It is lovely to welcome New Zealand reader Sandra to the blog today for an amusing guest post!
We expect the Royals to appear sartorially perfect and perfectly groomed on official business and they rarely disappoint. But occasionally nature throws a curve ball. Here is a light-hearted selection of a few of those moments when simply nothing can be done.
Miss Mary Donaldson, as she was then, watches as her hat is whisked away. She was visiting Danish Parliament in Copenhagen on May 13, 2004, the day before her marriage to Crown Prince Frederick. An alert official retrieved the hat for her, and all was well.
Queen Elizabeth’s hats are generally well secured by hat pins – after 66 years as a monarch she knows how to prepare for anything. But sometimes circumstances mean little can be done, except to hold on for dear life! Here she and and her neighbours catch the downdraft from a helicopter at Winnipeg, Canada in 1970.
During her official welcome to Oman in 1979, Queen Elizabeth was forced to grab at her hat and clasp it to her head as a strong wind played havoc. Sandhurst-educated Sultan Qaboos (ruler from 1970 to his death on January 10, 2020) remained firmly at attention.
She’s holding her hat in place with one hand and showing interest to her hosts with the other, but now her skirt is billowing wildly! What is one to do? Queen Elizabeth viewing the Atlantic Ocean from Signal Hill in St John’s, Newfoundland, Canada in 1997.
The caption says Queen Elizabeth, pictured in London in 1999, is “holding on to her hat” while waiting for a visiting Chinese delegation to arrive. Unfortunately, there are no more photos to indicate that wind was the culprit this time. For me, this simple hat is a unique addition to her millinery wardrobe.
Just last year at Buckingham Palace Queen Elizabeth showed her mastery of the elements (and her faith in hat pins) as she continues to chat while the Duchess of Cornwall and American First Lady Melania Trump hold on to their hats.
We’ve seen many photos of Queen Maxima’s weapons-grade hatpins but as The Netherlands is a flat country with a long coastline, it’s windy. Here she clutches her hat during last year’s King’s Day (April 27) in Amersfoort.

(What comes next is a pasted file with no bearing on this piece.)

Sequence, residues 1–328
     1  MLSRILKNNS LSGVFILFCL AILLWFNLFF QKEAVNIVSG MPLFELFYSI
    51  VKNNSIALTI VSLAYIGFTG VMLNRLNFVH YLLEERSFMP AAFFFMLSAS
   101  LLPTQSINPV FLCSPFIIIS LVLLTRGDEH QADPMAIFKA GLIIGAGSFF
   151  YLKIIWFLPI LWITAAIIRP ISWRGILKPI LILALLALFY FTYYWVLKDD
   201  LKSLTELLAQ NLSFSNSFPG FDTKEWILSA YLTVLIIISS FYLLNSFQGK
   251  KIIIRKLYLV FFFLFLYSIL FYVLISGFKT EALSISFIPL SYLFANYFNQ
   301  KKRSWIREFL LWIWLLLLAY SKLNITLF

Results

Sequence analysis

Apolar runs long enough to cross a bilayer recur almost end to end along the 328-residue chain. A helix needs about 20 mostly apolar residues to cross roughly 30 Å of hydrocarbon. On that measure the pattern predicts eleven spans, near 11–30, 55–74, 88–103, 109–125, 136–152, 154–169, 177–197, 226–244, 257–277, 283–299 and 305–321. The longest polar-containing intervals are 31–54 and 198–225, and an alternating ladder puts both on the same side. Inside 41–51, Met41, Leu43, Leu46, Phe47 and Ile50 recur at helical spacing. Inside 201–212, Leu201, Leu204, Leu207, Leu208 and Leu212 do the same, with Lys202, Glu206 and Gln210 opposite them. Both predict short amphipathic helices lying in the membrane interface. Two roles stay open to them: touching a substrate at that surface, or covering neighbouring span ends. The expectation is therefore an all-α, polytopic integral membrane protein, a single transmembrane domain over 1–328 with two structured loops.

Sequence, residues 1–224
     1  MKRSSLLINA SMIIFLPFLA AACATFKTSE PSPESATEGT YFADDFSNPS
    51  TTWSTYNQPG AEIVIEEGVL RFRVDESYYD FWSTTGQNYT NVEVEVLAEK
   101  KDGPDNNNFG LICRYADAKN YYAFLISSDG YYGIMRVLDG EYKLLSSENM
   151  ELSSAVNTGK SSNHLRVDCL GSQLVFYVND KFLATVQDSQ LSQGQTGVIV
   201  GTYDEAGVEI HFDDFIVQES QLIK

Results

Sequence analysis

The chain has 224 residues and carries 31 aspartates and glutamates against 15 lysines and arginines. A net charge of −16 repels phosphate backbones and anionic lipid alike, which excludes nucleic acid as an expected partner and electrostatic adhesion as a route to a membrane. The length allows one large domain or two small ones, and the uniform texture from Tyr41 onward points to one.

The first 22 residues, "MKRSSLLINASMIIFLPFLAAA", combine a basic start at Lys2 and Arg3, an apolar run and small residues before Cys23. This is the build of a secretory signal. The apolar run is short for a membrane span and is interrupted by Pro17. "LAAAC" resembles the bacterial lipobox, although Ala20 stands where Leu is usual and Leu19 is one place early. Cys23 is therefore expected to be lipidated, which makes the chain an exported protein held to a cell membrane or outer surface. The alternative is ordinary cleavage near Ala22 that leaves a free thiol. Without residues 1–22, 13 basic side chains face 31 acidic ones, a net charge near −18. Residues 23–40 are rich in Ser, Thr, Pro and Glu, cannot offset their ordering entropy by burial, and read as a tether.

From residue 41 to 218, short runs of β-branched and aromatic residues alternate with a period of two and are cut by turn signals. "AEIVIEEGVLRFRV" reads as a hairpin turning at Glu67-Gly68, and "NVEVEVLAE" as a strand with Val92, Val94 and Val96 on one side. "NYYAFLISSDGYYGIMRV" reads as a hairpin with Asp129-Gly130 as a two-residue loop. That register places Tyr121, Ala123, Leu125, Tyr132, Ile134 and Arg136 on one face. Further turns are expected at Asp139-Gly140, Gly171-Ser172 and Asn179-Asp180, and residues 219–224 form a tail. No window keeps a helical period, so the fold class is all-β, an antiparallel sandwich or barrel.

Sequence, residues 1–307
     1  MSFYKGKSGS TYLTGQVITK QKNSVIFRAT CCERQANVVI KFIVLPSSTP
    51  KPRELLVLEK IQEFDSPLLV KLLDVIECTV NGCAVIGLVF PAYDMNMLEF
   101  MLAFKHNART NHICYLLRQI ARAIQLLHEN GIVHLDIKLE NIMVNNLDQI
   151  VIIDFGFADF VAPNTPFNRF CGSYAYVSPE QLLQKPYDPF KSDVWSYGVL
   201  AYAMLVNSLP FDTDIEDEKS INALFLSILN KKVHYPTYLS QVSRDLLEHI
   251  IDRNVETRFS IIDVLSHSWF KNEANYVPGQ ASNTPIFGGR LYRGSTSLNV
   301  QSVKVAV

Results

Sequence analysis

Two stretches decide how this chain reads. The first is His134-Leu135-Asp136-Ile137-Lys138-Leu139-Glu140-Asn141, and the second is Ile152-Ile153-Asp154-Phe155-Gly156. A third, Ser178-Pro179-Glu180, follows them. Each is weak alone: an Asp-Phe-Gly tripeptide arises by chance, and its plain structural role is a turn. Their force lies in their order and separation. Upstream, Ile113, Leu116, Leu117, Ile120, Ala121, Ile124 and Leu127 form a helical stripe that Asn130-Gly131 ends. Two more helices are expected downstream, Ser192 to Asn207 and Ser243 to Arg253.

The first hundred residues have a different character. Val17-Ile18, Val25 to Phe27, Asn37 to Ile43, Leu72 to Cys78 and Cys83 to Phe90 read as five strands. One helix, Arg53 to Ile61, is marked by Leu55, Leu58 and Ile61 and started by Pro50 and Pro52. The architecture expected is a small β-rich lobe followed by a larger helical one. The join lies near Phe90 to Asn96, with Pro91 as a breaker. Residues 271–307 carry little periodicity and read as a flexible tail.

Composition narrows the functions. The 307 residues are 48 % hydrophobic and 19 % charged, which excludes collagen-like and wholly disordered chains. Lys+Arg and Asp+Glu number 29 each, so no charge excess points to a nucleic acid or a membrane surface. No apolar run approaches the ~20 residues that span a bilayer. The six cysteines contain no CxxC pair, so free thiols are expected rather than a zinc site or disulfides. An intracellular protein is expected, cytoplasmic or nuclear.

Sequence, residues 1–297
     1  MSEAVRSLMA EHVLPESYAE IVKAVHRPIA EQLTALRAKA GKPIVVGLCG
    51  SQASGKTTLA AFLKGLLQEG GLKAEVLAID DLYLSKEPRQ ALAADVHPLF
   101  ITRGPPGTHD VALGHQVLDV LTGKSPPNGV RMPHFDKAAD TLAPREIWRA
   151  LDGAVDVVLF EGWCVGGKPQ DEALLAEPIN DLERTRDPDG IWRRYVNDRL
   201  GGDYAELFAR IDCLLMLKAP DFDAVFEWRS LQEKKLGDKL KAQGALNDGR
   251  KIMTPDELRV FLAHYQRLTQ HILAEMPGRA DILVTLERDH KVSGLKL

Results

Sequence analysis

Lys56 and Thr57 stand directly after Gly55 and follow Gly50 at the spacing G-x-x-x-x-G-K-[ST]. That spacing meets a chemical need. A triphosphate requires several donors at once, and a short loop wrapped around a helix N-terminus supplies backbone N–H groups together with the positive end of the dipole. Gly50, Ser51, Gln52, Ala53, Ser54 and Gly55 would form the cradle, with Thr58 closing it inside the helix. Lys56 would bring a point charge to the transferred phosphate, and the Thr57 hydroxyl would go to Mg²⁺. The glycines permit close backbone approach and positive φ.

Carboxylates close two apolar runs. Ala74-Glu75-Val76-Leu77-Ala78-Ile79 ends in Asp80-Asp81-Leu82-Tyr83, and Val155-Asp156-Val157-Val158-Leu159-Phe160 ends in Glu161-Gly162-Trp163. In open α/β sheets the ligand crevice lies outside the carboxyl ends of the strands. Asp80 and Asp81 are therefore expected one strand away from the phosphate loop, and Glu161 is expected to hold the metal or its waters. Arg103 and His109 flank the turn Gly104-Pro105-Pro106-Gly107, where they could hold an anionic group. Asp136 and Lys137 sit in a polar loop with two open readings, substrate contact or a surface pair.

King’s Day must coincide with the strong winds of the spring equinox. This photo is from 2014 in Zwolle.
A windy departure from the Rijksmuseum in Amsterdam in October, 2015.
An unscheduled ‘Marilyn moment’ for Queen Maxima in 2014 at the anniversary of the D-Day Landings in Normandy, France.
Crown Princess Mette Marit keeps smiling, despite being caught in a strong gust of wind at the Copenhagen christening of Prince Christian of Denmark in 2006. She continued inside and became one of the child’s godparents!
What is it about christenings? The Duchess of Cornwall cops a blast of wind at the Norfolk baptism of Princess Charlotte in 2015, in what looked like a calm-day wind-wise.
Princess Eugenie’s Windsor Castle wedding in October 2018 (another good month for equinox winds) saw many guests, royal and otherwise, clutching their chapeaux, including Zara Tindall and her sister-in-law Autumn Phillips. Lady Sarah Chatto had a firm grip of her hat and a ladylike hand holding her skirt down and while the Duchess of Cambridge held on to her cocktail hat.
It’s raining, it’s pouring (and there’s a bit of wind too) – and our Royals pictured here, from left, Queen Sonja, Empress Michiko and Crown Princess Mette Marit can only laugh during the official welcome for the Japanese Emperor and Empress in Oslo in May, 2005.
I look forward to seeing other fun photos unearthed by the clever people who read Royal Hats!
I’m sure there are some more amusing wind-lifted royal hats to share! Thanks, Sandra!